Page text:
Tuesday, August 29, 2017
A federal district court judge in Georgia dismissed a two-year-old enforcement action brought by the Consumer Financial Protection Bureau against several payment processing companies, ruling that the consumer watchdog agency effectively stonewalled the pretrial discovery process.
An attorney who follows the CFPB suggested the court's ruling calls into question the CFPB's understanding of its enforcement powers. "The CFPB has been successful in extracting millions of dollars in consent orders without ever stepping foot in a court room, and certainly without ever engaging in formal discovery subject to the federal rules," Joann Needleman, a practice group leader at the law firm Clark Hill PLC, wrote in a recent blog post at InsideARM.com. "This case may have pulled back the curtain and exposed the bureau's inexperience when it comes to actually litigating a case."
The CFPB filed a civil enforcement action in 2015 against a group that included four payment processing companies over an alleged debt collection scheme that got unwitting consumers to pay off bogus debts (see "CFPB sues ISOs, acquirer over client scams," The Green Sheet, April 27, 2015, issue 15:04:02). The consumer watchdog agency asserted that the payment processing companies – leading acquirer Global Payments Inc., Frontline Processing Corp., an ISO headquartered in Bozeman, MT, Pathfinder Payment Solutions Inc., based in Columbia, MD, and Cleveland-based Electronic Merchant Systems – facilitated the scam by accepting transactions despite red flags suggesting something was amiss.
By accepting these credit and debit card transactions for processing, the four "helped legitimize the [debt] collectors' business and facilitated millions of dollars in ill-gotten profits," the CFPB wrote in a filing with the U.S. District Court for the Northern District of Georgia. That put the companies in violation of the Consumer Financial Protection Act's prohibitions against unfair, deceptive or abusive acts and practices, the bureau said. It requested the court levy civil penalties and awards on all alleged offenders, and shut down the errant debt collection agencies.
In preparing for their day in court, lawyers for the four payment processing companies and a telemarketing firm that was named in the CFPB's suit, sought depositions from CFPB lawyers regarding facts supporting the case. Depositions are typically used in pretrial discoveries so lawyers can ascertain what facts will be presented in a case, what witnesses know and other pertinent evidence. The CFPB objected to giving depositions, arguing that its testimony amounted to privileged law enforcement information, and that the depositions were improper because they sought the mental impressions and analysis of CFPB lawyers. The court disagreed and ordered the CFPB to submit to the requested depositions.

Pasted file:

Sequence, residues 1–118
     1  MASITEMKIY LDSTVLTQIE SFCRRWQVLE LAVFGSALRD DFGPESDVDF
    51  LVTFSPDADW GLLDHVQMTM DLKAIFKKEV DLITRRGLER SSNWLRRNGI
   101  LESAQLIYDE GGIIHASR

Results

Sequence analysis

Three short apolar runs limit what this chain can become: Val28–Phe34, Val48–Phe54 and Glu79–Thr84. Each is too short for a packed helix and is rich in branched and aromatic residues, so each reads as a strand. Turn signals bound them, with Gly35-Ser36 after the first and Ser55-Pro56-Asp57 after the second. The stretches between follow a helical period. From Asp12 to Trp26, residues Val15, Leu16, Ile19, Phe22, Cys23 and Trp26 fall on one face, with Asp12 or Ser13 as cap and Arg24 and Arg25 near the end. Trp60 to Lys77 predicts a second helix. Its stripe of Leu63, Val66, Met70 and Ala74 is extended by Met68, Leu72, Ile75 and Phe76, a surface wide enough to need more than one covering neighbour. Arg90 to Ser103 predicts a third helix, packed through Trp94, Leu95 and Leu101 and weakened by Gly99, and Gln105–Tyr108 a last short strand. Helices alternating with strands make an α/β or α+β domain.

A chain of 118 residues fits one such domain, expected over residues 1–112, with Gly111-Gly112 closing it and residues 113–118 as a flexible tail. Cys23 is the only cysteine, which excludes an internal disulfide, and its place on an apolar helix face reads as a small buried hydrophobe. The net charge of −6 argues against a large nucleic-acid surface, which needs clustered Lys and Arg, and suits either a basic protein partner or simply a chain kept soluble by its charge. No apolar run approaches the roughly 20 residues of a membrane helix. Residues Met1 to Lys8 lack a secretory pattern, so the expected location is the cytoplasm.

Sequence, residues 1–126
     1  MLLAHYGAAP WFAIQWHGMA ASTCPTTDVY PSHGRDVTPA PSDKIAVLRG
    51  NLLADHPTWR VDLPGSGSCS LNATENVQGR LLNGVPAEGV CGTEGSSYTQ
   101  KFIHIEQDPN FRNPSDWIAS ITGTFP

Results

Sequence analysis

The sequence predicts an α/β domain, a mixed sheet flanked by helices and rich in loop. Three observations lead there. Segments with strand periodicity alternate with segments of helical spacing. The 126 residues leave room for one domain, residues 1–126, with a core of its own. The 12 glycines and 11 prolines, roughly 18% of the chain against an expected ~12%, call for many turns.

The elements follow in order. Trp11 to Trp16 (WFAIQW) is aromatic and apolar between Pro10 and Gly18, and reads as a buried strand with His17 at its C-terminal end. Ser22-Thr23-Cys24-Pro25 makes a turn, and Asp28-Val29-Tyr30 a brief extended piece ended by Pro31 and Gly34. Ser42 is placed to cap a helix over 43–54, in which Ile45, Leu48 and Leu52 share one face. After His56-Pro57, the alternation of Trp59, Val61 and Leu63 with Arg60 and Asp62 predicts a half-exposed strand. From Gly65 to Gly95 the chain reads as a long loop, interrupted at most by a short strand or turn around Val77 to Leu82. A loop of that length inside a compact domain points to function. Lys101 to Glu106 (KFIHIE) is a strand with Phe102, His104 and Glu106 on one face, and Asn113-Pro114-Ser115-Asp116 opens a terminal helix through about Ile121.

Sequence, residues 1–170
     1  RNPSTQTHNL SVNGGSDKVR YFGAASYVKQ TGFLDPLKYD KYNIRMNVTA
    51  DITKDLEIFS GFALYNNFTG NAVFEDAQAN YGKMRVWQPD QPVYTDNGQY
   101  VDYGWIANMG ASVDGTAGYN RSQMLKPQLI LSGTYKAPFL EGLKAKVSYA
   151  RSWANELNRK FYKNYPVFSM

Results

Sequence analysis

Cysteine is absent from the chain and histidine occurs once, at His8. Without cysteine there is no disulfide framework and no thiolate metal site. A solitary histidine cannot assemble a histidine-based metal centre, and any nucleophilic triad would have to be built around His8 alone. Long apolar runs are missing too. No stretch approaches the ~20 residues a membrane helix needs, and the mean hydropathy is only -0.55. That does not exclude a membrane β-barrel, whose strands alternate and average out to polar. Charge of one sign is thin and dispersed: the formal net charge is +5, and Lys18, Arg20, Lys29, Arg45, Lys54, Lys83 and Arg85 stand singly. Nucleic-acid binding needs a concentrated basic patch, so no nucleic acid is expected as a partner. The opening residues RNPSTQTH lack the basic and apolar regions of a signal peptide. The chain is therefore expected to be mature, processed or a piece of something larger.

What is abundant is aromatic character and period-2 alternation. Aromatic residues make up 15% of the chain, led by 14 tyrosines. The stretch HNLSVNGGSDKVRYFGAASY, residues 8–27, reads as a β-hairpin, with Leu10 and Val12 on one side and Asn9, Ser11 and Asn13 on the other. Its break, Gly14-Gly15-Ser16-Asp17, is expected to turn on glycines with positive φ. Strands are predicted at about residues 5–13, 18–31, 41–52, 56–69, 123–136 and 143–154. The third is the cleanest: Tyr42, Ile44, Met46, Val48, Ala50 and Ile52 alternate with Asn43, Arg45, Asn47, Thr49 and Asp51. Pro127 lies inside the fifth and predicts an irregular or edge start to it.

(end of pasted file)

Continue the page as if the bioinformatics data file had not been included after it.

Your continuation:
The deposition process didn't go well, however. Lawyers for the defendants complained to the court that the CFPB's witness responded to questions from a prepared script, which the CFPB defined as a "memory aid," and which the defendants' lawyers complained did not properly respond to the questions posed. The court intervened, telling the CFPB the information requested was not protected from inquiry and that it needed to provide a knowledgeable witness who could answer questions about the case off script.
Apparently, the CFPB did not heed the court's order, and its witness continued to respond from prepared statements. The witness also refused to answer some questions outright, insisting the answers would disclose privileged information. So the payment processing companies went back to court and requested sanctions against the CFPB for failing to heed the court's instructions.
The court sided with defendants. In an opinion handed down on Aug. 25, 2017, U.S. District Court Judge Richard W. Story wrote that "the CFPB's pattern of conduct warrants substantial sanctions." Story dismissed the enforcement actions filed against the four payment processing companies and the telemarketing firm.
Story noted the court had made it "quite clear" that more was expected of the CFPB's witness than rote answers similar to what was already available to defendants. "By relying almost exclusively on memory aids, the CFPB's witness failed to abide by the Court's instructions," Story wrote, adding that the CFPB appeared to be trying to "bury" the defendants with so much information and so many claims of privilege that the companies would be unable to defend themselves in court.
"The Court has consistently held that the CFPB was obligated to sit for those depositions, and that it needed to produce a witness prepared to apprise the Defendants of the facts they would face at trial," Story wrote. "But the CFPB has put up as much opposition as possible at every turn."
Neddleman praised the district court decision. "It is clear that in this instance the Bureau disregarded the scope and intent of the federal rules surrounding discovery, which first and foremost is cooperation," she wrote. "Under the circumstances, striking the claims against the Payment Processors was the only appropriate remedy."
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